Policy Conflict in Intergovernmental Relations: The Changing Role of Local Authorities in the Goverance of Local Economic Development in Post-Devolution Scotland

By Bennett, Mike; Fairley, John | International Journal of Economic Development, January 2003 | Go to article overview
Save to active project

Policy Conflict in Intergovernmental Relations: The Changing Role of Local Authorities in the Goverance of Local Economic Development in Post-Devolution Scotland


Bennett, Mike, Fairley, John, International Journal of Economic Development


Abstract

This paper explores the impact of devolution on Local Economic Development with specific reference to the role of local authorities, and locates this study within broader debates about policy change. We explain the institutional framework for Local Economic Development in Scotland inherited by devolution and we consider the process of devolution to date and recent policy change in this area, including Community Planning and reform of the Enterprise Network. Throughout the paper looks at issues of fragmentation, divergence and power in inter-governmental relations between key actors and institutions. The findings of original research into the attitudes and perceptions of local government actors are located within this context and compared with existing data. The analysis outlines the main area of conflict between central and local government in this area and suggests that economic development activity is becoming increasingly centralised post-devolution. In conclusion we offer suggestions as to what this tells us about broader inter-governmental relations ands the impact of constitutional change.

Introduction

In 2001, the authors (1) received funding from the Joseph Rowntree Foundation to research the impact of the new Scottish Parliament on local government. One strand of the project focused on the impact of the Parliament on the roles of local authorities in economic development.

Much of the recent literature on the nature of policy making and policy change has focused on the relationships between different institutions and actors in various policy communities. The key issues that arise from this literature concern the fragmentation and conflict within and between different levels of government. This "differentiated polity" (Rhodes 1997). The differentiated polity concept is used to describe the interdependencies between different institutions and actors including policy making and implementation agencies, specialised bureaucracies and different levels of government. Rhodes, for example, drawing on Wright, emphasises bargaining and dynamic exchanges between actors within structured political contexts. This emphasis on bargaining has recently been seen in the debate about the "dialectic" in policy networks in which agents interact with and change, yet are constrained by, their structural context (for example Marsh and Smith 2000; Dowding 2001; Marsh and Smith 2001).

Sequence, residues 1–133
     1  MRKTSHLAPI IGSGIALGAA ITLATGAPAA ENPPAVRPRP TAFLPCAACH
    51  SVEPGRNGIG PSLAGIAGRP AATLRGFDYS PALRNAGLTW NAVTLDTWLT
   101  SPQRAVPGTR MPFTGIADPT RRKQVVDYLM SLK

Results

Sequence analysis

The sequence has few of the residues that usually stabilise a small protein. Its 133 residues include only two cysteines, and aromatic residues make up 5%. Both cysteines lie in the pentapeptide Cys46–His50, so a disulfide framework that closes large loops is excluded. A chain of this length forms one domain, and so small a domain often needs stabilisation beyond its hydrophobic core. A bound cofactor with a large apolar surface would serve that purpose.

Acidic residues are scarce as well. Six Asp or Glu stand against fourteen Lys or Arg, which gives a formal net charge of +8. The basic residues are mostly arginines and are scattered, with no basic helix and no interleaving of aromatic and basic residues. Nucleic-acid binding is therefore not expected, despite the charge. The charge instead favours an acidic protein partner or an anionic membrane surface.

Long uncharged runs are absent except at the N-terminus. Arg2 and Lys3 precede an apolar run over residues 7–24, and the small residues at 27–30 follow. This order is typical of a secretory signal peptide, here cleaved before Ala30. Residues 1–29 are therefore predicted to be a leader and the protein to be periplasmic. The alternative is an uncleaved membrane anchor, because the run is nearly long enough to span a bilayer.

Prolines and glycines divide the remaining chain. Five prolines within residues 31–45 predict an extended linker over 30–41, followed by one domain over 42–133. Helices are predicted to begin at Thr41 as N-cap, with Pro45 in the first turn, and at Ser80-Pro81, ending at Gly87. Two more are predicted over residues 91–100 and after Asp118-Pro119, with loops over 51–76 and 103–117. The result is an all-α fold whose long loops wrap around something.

The value of this description is that seems to take account of the agonistic (Mouffe 2000) nature of policy making in which policy values, conflicts over status and resources are all essentially contested. It is this understanding of power, conflict and politics between groups with different interests which informs our explorations of governance and change in the following sections.

In this context the paper explores the impact of devolution on Local Economic Development with specific reference to the role of local authorities, and locates this study within broader debates about policy change. We explain the institutional framework for Local Economic Development in Scotland inherited by devolution and we consider the process of devolution to date. We also consider key policy developments, including Community Planning and reform of the Enterprise Network. Our research into the attitudes and perceptions of local government actors is located within this context and compared with existing data. The analysis outlines the main area of conflict between central and local government and suggests that post-devolution economic development activity is increasingly centralised. In conclusion we offer suggestions as to what this tells us about broader inter-governmental relations and the impact of constitutional change.